June 21, 2011
Many people are under the mistaken impression that, if they use a mediator to help them resolve their divorce issues, they won’t need an attorney. But the role of the mediator is not the same as the role of the attorney.
The mediator is a neutral professional who helps the parties facilitate their agreement. Often the divorce mediator is an attorney. But, the mediator does not give specific legal advice to either party. The mediator must remain neutral at all times. He or she can suggest alternatives and options, but cannot tell you which choices are best for you. For that, you need the advice of an attorney. Your attorney will explain your legal rights and advise you how your case would be likely to turn out if you went to court. Armed with that information, you are better prepared to negotiate for yourself at the mediation table.
Although having your own attorney is not mandatory in mediation, most mediators will encourage you — and perhaps insist — that you consult an attorney at least once during the process. Otherwise, there is the risk that you will concede on issues without recognizing the consequences. There is even the possibility that your Agreement may be so one-sided as to not stand up to a future court challenge.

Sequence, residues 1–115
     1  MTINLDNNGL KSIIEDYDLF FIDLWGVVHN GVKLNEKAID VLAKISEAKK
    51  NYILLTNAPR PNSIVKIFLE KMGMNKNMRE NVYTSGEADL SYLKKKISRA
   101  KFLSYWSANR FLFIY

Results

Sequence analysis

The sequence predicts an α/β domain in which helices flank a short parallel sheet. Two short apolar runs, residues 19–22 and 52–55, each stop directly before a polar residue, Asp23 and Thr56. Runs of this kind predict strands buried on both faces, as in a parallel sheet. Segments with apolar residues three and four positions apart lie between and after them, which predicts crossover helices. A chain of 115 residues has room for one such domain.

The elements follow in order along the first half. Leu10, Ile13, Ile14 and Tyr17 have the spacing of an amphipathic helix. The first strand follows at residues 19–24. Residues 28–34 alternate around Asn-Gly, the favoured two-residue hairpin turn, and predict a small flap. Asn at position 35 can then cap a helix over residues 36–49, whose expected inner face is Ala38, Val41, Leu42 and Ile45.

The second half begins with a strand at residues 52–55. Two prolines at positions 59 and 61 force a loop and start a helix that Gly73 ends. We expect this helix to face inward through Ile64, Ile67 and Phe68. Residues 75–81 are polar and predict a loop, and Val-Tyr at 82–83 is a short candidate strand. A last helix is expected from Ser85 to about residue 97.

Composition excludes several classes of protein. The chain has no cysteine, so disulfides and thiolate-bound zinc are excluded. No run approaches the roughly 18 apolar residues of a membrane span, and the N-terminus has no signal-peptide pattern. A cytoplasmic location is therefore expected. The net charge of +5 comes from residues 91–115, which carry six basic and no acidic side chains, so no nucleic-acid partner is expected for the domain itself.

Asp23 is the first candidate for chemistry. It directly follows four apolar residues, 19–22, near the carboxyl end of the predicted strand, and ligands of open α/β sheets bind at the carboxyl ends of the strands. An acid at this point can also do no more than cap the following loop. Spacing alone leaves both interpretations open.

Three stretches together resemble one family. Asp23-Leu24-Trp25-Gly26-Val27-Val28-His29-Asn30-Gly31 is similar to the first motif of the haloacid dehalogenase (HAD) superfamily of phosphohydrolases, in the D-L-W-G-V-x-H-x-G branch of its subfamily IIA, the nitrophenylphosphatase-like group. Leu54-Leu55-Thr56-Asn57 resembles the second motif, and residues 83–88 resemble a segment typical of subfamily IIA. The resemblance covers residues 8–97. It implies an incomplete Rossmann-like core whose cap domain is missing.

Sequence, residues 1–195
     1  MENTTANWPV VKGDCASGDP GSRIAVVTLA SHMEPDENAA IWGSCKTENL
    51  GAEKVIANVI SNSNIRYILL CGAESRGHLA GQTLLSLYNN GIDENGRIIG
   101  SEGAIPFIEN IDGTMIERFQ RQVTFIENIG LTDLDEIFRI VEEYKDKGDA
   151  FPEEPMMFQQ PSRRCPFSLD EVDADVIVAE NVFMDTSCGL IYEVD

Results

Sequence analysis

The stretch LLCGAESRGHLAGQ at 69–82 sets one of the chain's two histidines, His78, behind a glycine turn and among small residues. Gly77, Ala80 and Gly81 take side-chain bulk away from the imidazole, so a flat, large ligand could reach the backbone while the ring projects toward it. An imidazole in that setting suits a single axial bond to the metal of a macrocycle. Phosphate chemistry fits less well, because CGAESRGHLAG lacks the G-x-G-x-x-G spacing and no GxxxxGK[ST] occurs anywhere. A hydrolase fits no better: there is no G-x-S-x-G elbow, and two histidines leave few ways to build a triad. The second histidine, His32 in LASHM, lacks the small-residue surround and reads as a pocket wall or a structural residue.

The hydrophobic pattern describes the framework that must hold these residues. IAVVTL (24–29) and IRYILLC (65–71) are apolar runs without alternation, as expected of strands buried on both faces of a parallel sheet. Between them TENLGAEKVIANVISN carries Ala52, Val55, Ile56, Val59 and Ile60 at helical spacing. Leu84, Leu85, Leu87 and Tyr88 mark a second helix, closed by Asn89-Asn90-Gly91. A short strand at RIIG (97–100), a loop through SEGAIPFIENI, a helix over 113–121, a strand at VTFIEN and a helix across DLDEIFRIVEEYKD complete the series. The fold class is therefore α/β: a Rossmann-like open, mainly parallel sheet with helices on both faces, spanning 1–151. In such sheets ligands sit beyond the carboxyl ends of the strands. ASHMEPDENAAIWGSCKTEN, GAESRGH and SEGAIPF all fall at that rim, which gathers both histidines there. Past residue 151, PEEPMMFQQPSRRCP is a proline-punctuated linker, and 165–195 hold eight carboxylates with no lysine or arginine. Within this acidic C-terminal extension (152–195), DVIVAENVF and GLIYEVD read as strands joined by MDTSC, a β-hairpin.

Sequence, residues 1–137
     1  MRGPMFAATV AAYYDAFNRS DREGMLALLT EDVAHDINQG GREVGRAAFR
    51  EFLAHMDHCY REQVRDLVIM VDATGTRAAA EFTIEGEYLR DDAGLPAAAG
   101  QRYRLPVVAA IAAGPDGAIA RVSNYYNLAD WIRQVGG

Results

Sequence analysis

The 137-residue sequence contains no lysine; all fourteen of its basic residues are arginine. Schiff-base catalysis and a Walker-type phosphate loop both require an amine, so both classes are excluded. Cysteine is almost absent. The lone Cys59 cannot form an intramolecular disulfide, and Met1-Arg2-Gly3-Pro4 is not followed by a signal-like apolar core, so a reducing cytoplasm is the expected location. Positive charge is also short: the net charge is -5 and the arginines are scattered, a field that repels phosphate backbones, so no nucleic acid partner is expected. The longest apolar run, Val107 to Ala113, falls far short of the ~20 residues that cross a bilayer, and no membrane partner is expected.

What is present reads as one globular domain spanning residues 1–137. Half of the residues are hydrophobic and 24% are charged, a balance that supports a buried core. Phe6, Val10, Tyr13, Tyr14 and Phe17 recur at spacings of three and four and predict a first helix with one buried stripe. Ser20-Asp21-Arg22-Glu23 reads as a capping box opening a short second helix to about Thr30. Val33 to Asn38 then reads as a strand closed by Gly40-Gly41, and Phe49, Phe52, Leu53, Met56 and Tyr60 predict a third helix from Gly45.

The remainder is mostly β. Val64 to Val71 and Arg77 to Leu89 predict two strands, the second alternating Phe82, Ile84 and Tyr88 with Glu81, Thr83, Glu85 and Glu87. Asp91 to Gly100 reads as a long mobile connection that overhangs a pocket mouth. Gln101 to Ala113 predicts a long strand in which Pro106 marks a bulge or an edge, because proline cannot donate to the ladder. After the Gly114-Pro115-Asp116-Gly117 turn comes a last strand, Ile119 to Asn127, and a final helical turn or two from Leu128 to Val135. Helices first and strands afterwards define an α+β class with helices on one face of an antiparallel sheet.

Many mediation clients use the internet as a substitute for a consult with an attorney. They see this as a cost-saving measure. But, if you are not knowledgeable about your legal rights, you could lose out financially much more than the cost of a consult. Attorneys are also necessary to review and finalize the written Agreement and to draft and file the Complaint for Divorce. The mediator is not permitted to participate in court proceedings or to file court documents. Some parties mistakenly think the mediator can substitute as an attorney for both parties, but this is not the case.
The role of the attorney in a mediated case is much more limited than in a litigated case. Therefore, the cost of the attorney is also much lower. Statistics have shown that the final cost of a mediated divorce, including the fees charged by the mediator and both attorneys, is likely to be approximately 1/3 of the cost of a litigated divorce. In addition, the parties are usually much happier with the outcome since they have participated fully in negotiating their Agreement. And, when issues arise after the divorce – concerning parenting time, child support, college and modification of certain support obligations — parties who have mediated the underlying divorce, often are able to return to the mediation table to resolve these issues as well. As a result, over time, they learn to negotiate with each other and, in the process, they save thousands of dollars.
Mediation works especially well for spouses who take the time to meet with a lawyer during the process to understand their legal rights. The Agreement is also far less likely to fall apart later on since both parties have gone through the process as well-informed participants.
For more information concerning mediation, contact Risa A. Kleiner, Esq. at 609.951.2222.